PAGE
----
Randomised control trials: what makes them the gold standard in medical research?Katherine J Lee, Murdoch Childrens Research Institute; Elaine Mary Pascoe, The University of Queensland; Laurent Billot, UNSW, and Sabine Braat, University of Melbourne
When a new treatment becomes available for a particular health condition, such as a new medication to treat a disease, it’s tested to see whether it’s effective for its intended purpose. It’s also tested for potential side effects. This is done through a series of human trials, known as clinical trials.
Every day hundreds of people are invited to participate in clinical trials to test new treatments. Clinical trials are conducted across four phases, from early studies to test the treatment’s safety in a small group of people (phase one), to much larger studies testing whether the treatment works in patients (phases three and four). People are invited to participate in all of these phases.
Once a new treatment is found to be safe (in terms of having acceptable side effects) in the first two phases, it’s assessed for whether it is beneficial to patients compared with the standard treatment for that condition (phase three). This information can then be used to change clinical practice.
The best way to compare a new treatment to the standard treatment is in a randomised controlled trial. In such a study, participants are randomly allocated to either the new or standard (control) treatments using the computer equivalent of tossing a coin. This process is known as randomisation and is the only commonly accepted method of ensuring an unbiased estimate of the treatment effect.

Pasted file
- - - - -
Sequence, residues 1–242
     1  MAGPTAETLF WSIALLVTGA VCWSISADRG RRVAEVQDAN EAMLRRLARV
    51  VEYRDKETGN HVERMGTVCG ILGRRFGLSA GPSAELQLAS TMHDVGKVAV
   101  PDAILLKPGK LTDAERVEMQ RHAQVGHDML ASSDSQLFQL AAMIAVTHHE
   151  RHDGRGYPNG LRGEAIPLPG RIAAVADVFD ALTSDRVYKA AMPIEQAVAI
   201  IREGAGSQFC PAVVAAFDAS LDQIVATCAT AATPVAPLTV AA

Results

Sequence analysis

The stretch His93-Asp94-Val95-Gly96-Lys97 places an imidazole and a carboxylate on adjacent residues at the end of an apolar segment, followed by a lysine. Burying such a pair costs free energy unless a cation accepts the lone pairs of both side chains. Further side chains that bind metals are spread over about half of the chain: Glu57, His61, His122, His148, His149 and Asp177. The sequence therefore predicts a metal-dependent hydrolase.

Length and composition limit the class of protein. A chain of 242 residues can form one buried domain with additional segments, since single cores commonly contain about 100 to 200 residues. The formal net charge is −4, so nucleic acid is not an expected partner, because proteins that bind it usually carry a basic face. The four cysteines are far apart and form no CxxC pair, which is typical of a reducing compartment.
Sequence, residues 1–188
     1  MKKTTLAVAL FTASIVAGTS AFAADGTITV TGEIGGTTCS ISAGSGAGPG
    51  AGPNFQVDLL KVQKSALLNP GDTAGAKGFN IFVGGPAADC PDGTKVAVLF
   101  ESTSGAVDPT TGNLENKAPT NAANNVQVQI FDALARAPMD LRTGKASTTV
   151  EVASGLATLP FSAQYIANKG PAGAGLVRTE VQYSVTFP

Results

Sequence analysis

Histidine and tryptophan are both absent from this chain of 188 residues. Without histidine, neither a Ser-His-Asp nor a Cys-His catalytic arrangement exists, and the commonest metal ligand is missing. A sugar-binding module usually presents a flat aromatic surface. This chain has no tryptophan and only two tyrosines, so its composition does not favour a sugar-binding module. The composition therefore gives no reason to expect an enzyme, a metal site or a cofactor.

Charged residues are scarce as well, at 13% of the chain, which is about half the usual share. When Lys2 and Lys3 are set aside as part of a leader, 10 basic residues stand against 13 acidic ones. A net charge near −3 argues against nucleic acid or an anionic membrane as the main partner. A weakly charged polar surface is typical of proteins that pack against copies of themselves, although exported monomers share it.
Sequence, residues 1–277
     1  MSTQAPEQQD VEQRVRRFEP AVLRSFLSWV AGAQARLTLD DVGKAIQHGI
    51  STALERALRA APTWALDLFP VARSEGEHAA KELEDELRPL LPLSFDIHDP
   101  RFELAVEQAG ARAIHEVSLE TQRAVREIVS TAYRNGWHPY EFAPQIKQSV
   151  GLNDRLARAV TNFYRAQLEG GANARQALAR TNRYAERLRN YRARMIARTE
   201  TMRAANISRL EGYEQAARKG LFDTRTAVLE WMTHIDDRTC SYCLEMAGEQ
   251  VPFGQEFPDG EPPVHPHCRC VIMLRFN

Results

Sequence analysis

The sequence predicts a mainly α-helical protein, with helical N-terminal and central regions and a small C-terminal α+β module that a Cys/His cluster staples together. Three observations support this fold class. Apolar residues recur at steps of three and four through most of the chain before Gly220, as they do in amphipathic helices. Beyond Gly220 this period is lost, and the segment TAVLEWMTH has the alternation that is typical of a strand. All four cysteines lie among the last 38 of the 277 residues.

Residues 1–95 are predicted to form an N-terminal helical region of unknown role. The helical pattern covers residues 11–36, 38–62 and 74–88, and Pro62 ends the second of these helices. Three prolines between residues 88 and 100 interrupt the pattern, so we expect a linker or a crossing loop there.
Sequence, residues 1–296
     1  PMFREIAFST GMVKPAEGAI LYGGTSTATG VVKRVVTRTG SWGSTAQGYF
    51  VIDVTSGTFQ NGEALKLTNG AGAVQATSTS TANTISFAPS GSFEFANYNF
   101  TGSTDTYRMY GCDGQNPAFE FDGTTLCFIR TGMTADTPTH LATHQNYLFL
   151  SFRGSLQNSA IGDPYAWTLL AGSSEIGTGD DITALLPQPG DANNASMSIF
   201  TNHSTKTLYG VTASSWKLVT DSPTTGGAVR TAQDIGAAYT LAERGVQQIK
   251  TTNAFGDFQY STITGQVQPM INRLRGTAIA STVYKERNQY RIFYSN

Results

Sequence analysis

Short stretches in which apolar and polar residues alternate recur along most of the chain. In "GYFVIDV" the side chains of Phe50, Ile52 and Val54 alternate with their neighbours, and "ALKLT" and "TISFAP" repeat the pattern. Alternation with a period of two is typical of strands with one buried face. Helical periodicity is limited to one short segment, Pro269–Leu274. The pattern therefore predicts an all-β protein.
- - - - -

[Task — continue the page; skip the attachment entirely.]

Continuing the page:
For the comparison between the new and standard treatment to be fair, the patients receiving the different treatments need to have similar characteristics. Imagine if the group receiving the standard treatment was made up only of children, while only adults received the new treatment. Then you couldn’t tell whether the way the treatment affected people in either group was due to the treatment itself or the physiological differences between the children and adults.
This confusion of effects is known as confounding, and randomisation is used to overcome it. In randomised trials, treatments are randomly allocated to the trial participants, so each individual has the same chance of receiving the new or standard treatment. Randomisation ensures the the people in each group have a similar distribution of characteristics to make sure that the groups are comparable - so if one group has better outcomes than the other, it can be attributed to the interventions being tested.
Randomisation is therefore critical to make direct comparisons between the treatments. It is also important that the treatment allocation is concealed from both the patient and doctor before the patient joins the study so that this cannot influence the decision for the patient to take part in the study.
The control group is the one the new treatment is being compared with. So, people in this group generally receive the standard treatment for treating the disease of interest. If there is no standard treatment, the control group may receive either no treatment at all or a placebo (an identical treatment but with no active ingredient).